Now, the thing about Schiff and all the other Austrians predicting runaway inflation is that they were right to make this prediction given their model. If you believe that a recession is caused by a failure on the production side of the economy, the result of past malinvestment or something, you should also believe that any attempt to correct this decline by expanding credit will simply result in too much money chasing too few goods, and hence a lot of inflation.
By the same token, the failure of high inflation to materialize amounts to a decisive rejection of that model. (And no, it’s not because the numbers are fudged; independent estimates don’t differ significantly from official inflation.)
First, I agree that since the increase in the monetary base has come about by expanding bank reserves, the only way the new money will move into the economy will be through a huge expansion of loans, which has not happened. Yes, much of that new money has gone into government bonds, but we have to remember that much of what is raised through government bond auctions is used to pay off previous bonds. (This is something the ancients once called "robbing Peter to pay Paul.") Even Austrians know that the new money has to circulate before it affects asset prices.
However, Krugman misses something that is obvious: The Austrians, including Schiff, recognized the housing bubble for what it was, a huge set of malinvestments. After all, if there are no malinvestments, there is no bubble. So, how could a theory that actually predicted the meltdown also be a bad theory, if we are to use Krugman's criteria for determining if a theory has validity or not.
Second, while we have seen significant price increases in food and fuel, and these increases come in part because of the continual debasing of the dollar. What we have not seen has been hyperinflation and I agree with Krugman that this is because the economy is depressed. No one in the Austrian camp would deny this.
Third, the very fact that we have had massive malinvestments that cannot be supported by the market certainly is going to bring a downward effect on the economy and on prices. Furthermore, with government moving vast amounts of money to prop up the failing housing market, not to mention subsidizing "green energy" and banks, why should we be surprised that there is a huge lack of economic growth?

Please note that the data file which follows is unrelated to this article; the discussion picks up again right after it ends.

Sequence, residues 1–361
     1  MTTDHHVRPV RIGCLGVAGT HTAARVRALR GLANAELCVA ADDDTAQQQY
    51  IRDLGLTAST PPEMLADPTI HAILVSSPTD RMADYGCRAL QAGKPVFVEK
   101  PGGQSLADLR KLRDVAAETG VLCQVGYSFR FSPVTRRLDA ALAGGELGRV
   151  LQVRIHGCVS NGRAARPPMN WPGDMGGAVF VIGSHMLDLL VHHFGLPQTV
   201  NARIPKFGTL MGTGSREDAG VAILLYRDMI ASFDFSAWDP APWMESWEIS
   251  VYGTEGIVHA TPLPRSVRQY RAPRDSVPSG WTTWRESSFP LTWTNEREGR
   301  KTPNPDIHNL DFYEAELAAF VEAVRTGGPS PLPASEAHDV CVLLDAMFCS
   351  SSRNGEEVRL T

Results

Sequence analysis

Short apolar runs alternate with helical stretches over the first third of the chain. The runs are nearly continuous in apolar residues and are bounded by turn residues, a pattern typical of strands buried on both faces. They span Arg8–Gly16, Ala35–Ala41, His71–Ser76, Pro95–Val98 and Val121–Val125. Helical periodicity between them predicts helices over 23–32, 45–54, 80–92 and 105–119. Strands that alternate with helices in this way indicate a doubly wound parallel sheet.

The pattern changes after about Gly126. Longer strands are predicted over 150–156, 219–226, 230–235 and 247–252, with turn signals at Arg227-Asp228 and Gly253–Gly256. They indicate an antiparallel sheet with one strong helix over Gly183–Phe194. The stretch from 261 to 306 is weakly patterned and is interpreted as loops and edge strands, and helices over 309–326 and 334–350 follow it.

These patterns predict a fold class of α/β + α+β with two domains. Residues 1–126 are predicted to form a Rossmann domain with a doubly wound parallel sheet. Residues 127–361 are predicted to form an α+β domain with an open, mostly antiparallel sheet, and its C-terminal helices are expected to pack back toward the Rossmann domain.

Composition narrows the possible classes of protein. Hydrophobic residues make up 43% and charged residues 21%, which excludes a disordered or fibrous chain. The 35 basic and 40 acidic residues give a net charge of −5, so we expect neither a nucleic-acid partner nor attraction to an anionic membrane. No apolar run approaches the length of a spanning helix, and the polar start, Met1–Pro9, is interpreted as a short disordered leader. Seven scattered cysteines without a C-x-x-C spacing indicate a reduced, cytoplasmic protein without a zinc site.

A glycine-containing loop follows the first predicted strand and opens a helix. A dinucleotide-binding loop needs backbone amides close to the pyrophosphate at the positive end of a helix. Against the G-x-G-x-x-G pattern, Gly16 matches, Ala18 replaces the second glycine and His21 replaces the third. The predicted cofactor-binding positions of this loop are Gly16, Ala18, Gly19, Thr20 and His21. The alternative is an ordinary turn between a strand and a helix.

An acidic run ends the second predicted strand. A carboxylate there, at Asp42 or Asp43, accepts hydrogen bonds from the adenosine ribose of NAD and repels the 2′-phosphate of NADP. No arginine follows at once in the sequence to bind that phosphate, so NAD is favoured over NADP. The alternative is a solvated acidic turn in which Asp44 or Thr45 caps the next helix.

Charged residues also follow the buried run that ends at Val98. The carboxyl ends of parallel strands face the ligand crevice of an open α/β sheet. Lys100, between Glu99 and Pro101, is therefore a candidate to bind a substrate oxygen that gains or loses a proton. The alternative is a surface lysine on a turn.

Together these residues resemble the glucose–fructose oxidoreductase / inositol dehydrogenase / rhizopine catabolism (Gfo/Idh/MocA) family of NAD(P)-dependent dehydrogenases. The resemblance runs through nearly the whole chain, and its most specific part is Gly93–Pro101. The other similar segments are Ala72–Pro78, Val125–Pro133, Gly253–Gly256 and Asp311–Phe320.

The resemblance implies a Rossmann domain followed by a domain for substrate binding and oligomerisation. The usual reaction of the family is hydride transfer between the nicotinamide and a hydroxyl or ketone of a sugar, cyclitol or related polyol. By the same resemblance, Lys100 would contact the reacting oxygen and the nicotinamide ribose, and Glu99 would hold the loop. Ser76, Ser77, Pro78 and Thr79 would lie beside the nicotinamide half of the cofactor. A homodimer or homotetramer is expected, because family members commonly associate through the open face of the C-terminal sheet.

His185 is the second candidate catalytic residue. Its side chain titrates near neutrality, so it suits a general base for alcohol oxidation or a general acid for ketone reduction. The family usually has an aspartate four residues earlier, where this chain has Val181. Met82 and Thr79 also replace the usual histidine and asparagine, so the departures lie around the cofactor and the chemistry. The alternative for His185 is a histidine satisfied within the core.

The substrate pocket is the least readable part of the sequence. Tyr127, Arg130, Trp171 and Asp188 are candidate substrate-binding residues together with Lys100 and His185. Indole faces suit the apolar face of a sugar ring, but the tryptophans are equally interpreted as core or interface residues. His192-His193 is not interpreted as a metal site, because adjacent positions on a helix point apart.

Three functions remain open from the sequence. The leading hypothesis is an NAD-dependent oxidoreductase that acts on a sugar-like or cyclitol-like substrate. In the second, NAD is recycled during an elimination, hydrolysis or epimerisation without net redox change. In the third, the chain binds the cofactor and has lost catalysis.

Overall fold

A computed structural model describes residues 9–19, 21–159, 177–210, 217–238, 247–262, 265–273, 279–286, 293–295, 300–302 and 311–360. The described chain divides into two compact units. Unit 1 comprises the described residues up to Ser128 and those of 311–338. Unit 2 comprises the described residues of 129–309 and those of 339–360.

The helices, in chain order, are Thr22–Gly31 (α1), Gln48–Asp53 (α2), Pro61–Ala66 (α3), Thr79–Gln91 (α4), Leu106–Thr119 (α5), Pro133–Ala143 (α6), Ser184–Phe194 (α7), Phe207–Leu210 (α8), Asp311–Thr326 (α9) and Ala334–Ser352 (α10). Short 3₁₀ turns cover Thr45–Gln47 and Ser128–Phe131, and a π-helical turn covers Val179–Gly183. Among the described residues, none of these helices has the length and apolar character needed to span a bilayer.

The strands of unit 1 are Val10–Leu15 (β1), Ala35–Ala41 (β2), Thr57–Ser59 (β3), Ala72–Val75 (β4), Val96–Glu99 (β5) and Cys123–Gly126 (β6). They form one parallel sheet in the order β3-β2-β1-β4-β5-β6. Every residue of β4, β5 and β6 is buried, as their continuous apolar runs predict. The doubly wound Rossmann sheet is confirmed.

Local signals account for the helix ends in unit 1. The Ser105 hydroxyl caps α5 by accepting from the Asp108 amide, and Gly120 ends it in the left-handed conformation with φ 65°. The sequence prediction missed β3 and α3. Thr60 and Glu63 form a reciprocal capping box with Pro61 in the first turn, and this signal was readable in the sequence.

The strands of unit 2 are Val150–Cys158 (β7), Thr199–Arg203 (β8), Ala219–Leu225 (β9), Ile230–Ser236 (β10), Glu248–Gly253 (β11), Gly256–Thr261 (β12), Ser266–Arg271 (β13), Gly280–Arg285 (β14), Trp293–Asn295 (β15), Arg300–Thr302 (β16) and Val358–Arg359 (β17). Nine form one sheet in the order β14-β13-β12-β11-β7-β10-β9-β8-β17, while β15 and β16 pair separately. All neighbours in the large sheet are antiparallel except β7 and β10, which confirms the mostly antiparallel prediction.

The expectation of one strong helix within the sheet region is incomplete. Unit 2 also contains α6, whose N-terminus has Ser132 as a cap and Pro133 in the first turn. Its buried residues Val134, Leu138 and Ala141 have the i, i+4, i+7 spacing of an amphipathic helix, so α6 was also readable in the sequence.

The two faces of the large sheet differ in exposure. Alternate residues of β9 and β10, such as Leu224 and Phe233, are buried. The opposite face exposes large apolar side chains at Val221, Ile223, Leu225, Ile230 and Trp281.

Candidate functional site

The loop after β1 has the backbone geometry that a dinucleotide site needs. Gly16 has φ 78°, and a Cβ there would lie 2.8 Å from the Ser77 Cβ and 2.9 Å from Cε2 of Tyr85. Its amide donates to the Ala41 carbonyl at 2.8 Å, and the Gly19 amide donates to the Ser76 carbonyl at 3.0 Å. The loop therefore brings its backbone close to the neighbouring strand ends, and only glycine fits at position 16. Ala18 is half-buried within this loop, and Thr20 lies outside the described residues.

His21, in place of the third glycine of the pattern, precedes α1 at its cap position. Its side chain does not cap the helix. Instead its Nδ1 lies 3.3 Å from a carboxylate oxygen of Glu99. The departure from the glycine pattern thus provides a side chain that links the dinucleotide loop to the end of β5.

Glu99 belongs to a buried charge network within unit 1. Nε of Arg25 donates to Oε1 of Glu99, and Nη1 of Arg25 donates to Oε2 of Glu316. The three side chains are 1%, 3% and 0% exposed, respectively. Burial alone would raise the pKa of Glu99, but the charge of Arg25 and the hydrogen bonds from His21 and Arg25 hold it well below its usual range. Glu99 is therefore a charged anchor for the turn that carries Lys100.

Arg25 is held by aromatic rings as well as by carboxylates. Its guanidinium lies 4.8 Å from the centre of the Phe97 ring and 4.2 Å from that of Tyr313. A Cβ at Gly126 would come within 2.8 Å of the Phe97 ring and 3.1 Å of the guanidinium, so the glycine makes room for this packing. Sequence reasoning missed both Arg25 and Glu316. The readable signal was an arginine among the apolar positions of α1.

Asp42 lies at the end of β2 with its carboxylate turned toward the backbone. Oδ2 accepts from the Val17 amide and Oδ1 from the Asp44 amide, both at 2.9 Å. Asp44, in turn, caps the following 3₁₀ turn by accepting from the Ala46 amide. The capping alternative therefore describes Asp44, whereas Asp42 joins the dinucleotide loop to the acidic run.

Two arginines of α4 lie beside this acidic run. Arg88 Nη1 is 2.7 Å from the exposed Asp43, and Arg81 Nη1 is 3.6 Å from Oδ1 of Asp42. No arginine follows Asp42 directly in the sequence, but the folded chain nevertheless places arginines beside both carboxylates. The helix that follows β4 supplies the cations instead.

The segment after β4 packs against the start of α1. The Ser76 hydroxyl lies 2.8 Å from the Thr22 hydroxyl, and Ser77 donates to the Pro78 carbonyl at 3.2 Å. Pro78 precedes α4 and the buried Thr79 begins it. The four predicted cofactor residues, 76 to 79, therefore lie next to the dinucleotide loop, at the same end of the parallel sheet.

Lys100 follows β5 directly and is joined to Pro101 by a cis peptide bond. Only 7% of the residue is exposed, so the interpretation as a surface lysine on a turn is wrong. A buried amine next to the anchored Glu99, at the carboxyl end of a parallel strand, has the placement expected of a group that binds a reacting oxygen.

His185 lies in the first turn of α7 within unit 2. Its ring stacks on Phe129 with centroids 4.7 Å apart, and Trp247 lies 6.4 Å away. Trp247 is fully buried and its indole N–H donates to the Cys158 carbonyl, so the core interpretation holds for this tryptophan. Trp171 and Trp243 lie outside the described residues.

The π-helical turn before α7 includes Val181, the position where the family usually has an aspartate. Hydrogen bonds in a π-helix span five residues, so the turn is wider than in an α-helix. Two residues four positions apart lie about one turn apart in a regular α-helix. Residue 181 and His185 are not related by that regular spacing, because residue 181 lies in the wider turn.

However, understand that Krugman also has called for government measures that would vastly expand the rate of inflation, that being his call for the Federal Reserve System to be the primary buyer of U.S. short-term securities, something that for now is prohibited by law. (Krugman claimed that a "clever lawyer" could find a way to re-interpret the law, and I am sure he is right, given how the government has re-interpreted other laws to fit the interests of politicians.)
If that were to take place, then there is no doubt we would see massive inflation as the bond sales would be financed almost entirely by new money, which then would be spent by the government. Krugman pretty much said the same thing in his Monday column, claiming that government can just print its way out of this morass without any real consequences, since inflation would "be good for the economy."
There is one thing that troubles me whenever Krugman claims that Austrians are willfully blind because they have not bowed to Krugman's demands that they declare the Austrian Theory of the Business Cycle to be invalid, and it is this: If real increases in government spending, massive Fed purchases of both private and public securities, and vast subsidies given to "green" industries, along with a huge auto industry bailout have not produced a robust recovery, then should not Krugman also take a hard look at his model?
(Yes, yes, I know. Krugman says that the problem is we have not had enough government spending, enough taxation, enough printing, enough borrowing, and, of course, enough inflation. After all, Krugman is a strong believer in the post hoc ergo propter hoc fallacy of inflation and economic growth, and despite historical evidence to the contrary, Krugman is not going to abandon what seems to be his real religion.)